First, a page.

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Learning Shouldn't Be a Mystery

Lately, I’ve been so busy working on our GameBud product I haven't blogged in quite some time; however, some alarming news about students' test scores necessitated some comments from me, cuz, well, we all have an opinion.

As you may have read, scores in both reading and math fell double digits in 4th and 8th grades. That’s absolutely alarming! I suspect a lot of that is accurate; however, some things that may have contributed to children’s learning downturn are not so visible, and it goes back a few years. Many believe Covid and the need for homeschooling over the last few years are the problems.

Several years ago, when I was developing a learning line of products for preschoolers, I worked with many educators in early childhood development. One thing that stood out to me during our conversations was that we all must learn to learn and learn at an early age. Seems simple right? Many educators believe if a child hasn’t learned how to learn by the 2nd or 3rd grade, they will consistently fall behind in school, adding to their frustration. A pretty vast generalization, I know, and of course, there are often other reasons that cause learning issues, but I think we assume “teach and they will learn” is the answer. I’d suggest the teach part is ineffective if the child doesn’t know how to learn.

We know there are many focused learning products on the market for children as young as one year old, and although they help a child find an answer, those products only offer half the solution. As popular as licensed characters are as products, they entertain, but most don't do a lot to help a child learn.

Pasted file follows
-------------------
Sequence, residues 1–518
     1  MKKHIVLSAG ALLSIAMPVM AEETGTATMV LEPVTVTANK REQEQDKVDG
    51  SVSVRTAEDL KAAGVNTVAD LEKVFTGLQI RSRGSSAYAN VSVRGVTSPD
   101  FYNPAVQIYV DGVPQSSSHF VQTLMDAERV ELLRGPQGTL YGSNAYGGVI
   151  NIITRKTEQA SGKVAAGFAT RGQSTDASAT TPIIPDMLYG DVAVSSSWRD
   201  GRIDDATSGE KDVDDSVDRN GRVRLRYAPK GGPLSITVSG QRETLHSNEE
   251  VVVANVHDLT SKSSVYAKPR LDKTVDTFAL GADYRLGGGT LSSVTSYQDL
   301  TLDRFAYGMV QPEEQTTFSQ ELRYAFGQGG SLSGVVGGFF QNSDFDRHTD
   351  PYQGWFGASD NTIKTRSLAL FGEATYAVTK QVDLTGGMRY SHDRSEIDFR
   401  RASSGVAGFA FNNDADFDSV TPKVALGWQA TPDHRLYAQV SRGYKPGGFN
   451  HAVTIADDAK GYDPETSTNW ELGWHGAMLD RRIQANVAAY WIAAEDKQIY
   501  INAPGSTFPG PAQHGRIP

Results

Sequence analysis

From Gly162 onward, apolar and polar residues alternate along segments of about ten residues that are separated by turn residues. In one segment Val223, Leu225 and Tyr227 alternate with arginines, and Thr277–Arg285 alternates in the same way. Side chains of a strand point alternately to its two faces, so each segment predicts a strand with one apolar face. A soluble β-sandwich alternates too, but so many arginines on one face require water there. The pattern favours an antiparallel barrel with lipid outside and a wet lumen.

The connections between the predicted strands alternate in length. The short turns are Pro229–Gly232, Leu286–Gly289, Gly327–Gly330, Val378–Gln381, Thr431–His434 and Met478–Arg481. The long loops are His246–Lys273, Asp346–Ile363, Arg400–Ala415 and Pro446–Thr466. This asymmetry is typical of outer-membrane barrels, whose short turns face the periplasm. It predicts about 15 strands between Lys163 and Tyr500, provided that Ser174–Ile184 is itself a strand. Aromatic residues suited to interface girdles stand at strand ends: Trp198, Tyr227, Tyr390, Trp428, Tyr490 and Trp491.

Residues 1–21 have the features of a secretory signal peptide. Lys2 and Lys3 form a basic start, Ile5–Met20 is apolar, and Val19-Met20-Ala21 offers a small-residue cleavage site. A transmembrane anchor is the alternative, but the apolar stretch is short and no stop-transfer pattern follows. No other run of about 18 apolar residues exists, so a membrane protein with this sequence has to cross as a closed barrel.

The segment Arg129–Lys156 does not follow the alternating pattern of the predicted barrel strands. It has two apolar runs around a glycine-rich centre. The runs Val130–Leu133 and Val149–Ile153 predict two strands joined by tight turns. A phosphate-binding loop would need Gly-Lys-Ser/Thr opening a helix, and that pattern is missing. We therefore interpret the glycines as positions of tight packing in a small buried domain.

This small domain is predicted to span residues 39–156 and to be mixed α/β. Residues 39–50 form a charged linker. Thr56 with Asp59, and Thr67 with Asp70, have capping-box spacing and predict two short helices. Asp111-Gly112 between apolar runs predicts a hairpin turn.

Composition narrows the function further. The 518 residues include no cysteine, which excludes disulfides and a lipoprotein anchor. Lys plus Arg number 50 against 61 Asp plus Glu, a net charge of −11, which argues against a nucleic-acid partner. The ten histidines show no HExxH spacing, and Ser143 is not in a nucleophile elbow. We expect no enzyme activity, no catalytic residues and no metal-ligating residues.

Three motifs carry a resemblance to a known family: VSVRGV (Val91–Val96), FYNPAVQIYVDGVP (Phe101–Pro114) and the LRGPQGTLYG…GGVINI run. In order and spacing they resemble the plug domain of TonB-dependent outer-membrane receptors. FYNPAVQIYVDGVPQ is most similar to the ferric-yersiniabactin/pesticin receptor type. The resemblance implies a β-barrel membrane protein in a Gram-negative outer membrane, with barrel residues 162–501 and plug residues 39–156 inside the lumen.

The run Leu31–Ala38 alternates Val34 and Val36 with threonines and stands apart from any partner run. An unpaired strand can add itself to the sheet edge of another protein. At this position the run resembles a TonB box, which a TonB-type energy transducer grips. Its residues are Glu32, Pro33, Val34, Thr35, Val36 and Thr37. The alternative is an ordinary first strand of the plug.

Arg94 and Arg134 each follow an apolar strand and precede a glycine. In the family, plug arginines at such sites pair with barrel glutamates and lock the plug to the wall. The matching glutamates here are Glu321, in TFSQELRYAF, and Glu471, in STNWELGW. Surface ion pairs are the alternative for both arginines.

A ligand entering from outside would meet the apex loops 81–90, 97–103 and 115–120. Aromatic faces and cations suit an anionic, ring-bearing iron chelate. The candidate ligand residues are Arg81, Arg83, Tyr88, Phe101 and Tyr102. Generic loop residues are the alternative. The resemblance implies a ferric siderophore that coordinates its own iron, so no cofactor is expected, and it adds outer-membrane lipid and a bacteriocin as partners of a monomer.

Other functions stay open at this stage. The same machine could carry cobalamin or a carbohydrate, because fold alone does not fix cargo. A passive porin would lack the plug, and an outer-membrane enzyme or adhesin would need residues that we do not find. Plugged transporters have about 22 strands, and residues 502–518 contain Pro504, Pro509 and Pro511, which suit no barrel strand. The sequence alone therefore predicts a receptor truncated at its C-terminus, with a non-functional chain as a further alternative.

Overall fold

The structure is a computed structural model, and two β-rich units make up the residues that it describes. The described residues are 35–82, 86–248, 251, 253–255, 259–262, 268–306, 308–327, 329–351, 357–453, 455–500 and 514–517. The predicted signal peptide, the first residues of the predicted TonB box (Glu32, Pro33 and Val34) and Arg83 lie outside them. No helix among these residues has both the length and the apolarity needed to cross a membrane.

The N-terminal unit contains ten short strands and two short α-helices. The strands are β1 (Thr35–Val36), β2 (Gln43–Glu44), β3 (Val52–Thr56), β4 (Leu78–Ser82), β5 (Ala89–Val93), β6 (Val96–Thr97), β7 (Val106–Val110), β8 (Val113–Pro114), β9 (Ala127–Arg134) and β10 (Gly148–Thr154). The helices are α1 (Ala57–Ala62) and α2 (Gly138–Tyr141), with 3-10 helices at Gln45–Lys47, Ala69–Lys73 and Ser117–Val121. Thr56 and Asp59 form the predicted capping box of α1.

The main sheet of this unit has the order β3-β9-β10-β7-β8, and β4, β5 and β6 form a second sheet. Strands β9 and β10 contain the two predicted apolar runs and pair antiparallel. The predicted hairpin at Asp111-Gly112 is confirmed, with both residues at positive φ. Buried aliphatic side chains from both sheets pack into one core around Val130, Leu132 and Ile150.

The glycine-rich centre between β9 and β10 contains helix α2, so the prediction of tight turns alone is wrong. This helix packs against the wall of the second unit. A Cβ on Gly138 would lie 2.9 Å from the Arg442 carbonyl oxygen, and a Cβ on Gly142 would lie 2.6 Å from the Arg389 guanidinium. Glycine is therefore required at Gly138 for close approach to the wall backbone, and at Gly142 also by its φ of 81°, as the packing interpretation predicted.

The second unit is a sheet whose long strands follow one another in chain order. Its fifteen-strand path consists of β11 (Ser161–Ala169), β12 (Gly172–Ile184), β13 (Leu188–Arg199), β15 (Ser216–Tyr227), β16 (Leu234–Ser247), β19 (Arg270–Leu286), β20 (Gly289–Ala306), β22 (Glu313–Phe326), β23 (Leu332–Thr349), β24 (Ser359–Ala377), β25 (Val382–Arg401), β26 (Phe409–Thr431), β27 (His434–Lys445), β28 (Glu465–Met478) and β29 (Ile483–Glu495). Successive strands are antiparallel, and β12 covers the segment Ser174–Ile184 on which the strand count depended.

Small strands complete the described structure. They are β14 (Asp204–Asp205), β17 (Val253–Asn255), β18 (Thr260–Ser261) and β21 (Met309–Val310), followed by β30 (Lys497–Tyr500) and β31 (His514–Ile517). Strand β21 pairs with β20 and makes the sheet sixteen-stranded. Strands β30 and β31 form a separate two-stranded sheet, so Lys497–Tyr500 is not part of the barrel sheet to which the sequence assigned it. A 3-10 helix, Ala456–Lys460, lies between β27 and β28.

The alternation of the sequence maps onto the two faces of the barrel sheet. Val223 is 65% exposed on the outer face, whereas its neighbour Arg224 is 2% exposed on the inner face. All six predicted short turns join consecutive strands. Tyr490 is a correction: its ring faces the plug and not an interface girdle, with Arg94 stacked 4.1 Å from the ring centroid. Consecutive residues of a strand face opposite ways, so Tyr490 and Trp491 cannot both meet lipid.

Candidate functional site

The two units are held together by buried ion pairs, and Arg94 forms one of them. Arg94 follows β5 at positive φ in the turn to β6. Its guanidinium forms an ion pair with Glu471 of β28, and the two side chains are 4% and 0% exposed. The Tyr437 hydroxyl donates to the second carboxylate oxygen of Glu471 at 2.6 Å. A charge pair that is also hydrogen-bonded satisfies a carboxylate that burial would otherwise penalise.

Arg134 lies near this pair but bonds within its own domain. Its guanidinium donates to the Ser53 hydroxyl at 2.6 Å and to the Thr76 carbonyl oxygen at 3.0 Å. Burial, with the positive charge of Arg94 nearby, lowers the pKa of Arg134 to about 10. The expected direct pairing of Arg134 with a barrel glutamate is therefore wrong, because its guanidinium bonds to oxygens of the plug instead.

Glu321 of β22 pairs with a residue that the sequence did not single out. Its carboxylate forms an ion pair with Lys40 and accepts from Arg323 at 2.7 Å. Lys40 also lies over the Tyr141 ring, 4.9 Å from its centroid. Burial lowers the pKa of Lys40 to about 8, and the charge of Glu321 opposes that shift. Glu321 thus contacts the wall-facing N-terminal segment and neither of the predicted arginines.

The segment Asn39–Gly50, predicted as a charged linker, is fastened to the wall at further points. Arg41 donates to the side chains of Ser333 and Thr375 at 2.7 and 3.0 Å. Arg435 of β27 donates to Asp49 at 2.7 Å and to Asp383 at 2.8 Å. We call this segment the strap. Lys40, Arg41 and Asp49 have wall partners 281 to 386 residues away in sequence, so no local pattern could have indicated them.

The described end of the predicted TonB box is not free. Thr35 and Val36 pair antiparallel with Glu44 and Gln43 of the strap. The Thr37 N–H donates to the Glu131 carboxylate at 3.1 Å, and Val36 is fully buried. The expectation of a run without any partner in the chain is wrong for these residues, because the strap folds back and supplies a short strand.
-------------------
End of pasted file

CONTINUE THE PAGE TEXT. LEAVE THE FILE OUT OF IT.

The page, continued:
So, where's my concern? It sometimes sounds like I'm a broken record (boy, that's a bit of a boomer saying), but a lot of this falls on the parent or caregiver early in a child’s life. We know getting involved in play with their child is so vital for them to discover how to learn by asking questions. Their questions will start to connect, and eventually, they will discover learning is facilitated by asking, "Why." Simple enough, right?

The thing is that parents need to give some focus on this. Yes, there has been plenty going on with lockdowns, remote learning, economy, and making ends meet; but setting kids in front of a computer for a zoom learning class degrades the learning experience tenfold. Having a teacher look a child in the eyes makes for a connection. That, unfortunately, just doesn't happen remotely. Now the kids are back in school, and many are behind. I’m so glad at leat they are back in a classroom!

The youngest child has a built-in desire to learn, but without some help, it could slow their progress. It doesn't take a lot for parents to help. Ask questions. It doesn't matter the child's age; keep asking questions and have fun with it. For instance, look for ways to ask questions and make them think. Looking at a tall pole or a flagpole, ask them, "So what do you think it would take us to climb up that pole and sit on the top?" "What do we need?" "What problems are we going to face?" Each answer lets the child think through the problems and look for solutions. They are training the brain to sort out options…learning to learn.

So, although I’m not a qualified educator, I’ve seen enough children learn more when they have someone to urge them on. Technically it's

called scaffolding, and it's really nothing more than someone who can ask questions.

Hopefully, there are more extensive solutions to the poor test scores; however in the meantime, let's make sure we stick with the kids and help them learn to learn.


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